According to Mr Cowell, three issues are common to the majority of shareholder activism: (i) poor price performance and poor share price performance when measured against comparative companies and market segments; (ii) ineffective or inefficient capital allocation or capital deployment, including sub-par returns on assets and capital; and (iii) poor corporate governance or board and senior management performance, commonly with underperforming, long term and entrenched directors.
To illustrate the widening scope of shareholder activism in Australia, such issues are increasingly being raised in environmental and social sustainability contexts. For example, non-government, not-for-profit environmental activist groups are receiving considerable support for their shareholder voting proposals from institutional investors, such as pension funds, index funds and ethical mandate investors.
“The vast majority of environmental, social and governance (ESG)-related shareholder activism in Australia involves climate change impacts, particularly greenhouse gas emissions, with human slavery and supply chain considerations also significant,” says Michael Chandler, corporate governance director Australia at Morrow Sodali. “Institutional investors encourage proposals for ASX-listed companies to enhance their disclosures and set hard targets around how they manage medium and long-term ESG risks and opportunities.”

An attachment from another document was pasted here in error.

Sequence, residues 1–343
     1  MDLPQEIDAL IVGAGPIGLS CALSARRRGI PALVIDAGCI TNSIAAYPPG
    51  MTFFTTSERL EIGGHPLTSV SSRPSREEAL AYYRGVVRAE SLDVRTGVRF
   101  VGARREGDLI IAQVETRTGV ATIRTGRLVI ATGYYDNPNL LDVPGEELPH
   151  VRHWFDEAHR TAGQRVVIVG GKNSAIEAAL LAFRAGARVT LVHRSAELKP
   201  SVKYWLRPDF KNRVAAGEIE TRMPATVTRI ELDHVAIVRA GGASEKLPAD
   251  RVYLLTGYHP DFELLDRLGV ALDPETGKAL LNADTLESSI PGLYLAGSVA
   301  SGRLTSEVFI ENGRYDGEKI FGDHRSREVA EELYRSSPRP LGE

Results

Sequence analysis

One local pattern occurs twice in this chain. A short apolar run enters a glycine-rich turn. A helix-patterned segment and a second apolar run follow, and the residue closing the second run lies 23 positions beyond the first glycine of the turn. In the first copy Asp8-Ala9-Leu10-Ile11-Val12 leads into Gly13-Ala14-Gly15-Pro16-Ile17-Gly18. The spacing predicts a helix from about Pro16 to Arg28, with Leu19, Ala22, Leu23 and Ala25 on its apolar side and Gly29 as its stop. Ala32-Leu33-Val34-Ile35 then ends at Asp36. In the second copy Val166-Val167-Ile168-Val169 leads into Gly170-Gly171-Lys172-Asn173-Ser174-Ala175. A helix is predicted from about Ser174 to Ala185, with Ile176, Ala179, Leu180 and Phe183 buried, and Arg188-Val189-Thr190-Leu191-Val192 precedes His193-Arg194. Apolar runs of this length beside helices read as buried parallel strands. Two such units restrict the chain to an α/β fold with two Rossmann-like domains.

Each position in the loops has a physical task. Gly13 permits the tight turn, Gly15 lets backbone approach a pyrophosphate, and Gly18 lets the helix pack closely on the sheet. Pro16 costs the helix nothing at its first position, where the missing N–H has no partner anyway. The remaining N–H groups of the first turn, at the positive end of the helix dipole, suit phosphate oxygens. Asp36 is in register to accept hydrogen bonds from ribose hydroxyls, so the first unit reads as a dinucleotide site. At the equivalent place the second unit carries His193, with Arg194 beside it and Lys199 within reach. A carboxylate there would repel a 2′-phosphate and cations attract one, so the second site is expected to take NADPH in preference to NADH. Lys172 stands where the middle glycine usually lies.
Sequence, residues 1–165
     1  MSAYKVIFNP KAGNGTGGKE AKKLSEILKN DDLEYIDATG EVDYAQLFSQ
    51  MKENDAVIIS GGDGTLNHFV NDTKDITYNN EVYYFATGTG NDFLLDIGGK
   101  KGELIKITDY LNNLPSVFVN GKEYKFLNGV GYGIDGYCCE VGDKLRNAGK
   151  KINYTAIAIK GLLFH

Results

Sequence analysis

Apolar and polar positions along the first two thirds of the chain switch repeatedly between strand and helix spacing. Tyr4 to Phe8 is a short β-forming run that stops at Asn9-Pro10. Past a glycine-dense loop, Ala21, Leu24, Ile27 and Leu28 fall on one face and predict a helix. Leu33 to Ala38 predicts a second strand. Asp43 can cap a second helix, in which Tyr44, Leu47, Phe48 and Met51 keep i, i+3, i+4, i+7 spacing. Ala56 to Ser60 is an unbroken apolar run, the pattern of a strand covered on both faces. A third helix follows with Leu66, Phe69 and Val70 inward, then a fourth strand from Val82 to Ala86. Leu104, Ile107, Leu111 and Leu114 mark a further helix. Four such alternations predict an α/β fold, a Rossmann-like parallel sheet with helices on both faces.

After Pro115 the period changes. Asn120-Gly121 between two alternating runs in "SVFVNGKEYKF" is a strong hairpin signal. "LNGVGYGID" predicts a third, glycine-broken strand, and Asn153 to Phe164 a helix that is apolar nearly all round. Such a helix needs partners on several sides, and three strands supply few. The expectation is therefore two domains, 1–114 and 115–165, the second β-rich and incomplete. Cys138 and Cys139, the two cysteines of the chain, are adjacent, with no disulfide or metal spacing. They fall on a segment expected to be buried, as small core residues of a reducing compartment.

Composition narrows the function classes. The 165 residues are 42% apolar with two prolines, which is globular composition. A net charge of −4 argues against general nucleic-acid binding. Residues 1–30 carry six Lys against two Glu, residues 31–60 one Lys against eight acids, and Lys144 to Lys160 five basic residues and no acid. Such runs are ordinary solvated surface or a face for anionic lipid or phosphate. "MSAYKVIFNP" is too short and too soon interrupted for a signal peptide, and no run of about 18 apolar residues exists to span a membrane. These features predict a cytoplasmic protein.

As a response to shareholder demands, shareholders and corporate governance stakeholders in Australia are increasingly advocating the use of reporting frameworks such as the Global Reporting Initiative (GRI) standards and Task Force on Climate-related Financial Disclosures (TCFD) recommendations.
Activism in action
Examples of effective shareholder activism in Australia are not hard to come by – the Elliott Management pursuit of BHP and the revelations at finance company AMP being particularly high-profile examples. These two, as well as many others, resulted in board-level resignations and significant shifts in strategy.